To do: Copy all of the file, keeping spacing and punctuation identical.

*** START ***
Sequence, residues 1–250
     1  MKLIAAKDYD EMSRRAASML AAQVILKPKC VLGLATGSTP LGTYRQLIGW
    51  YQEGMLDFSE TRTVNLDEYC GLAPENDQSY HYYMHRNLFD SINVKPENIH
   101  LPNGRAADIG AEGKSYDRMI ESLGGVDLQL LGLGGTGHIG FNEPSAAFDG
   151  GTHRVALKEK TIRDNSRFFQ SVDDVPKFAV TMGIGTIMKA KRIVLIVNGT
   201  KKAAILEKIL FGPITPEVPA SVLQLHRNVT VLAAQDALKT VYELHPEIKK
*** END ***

Sequence, residues 1–250
     1  MKLIAAKDYD EMSRRAASML AAQVILKPKC VLGLATGSTP LGTYRQLIGW
    51  YQEGMLDFSE TRTVNLDEYC GLAPENDQSY HYYMHRNLFD SINVKPENIH
   101  LPNGRAADIG AEGKSYDRMI ESLGGVDLQL LGLGGTGHIG FNEPSAAFDG
   151  GTHRVALKEK TIRDNSRFFQ SVDDVPKFAV TMGIGTIMKA KRIVLIVNGT
   201  KKAAILEKIL FGPITPEVPA SVLQLHRNVT VLAAQDALKT VYELHPEIKK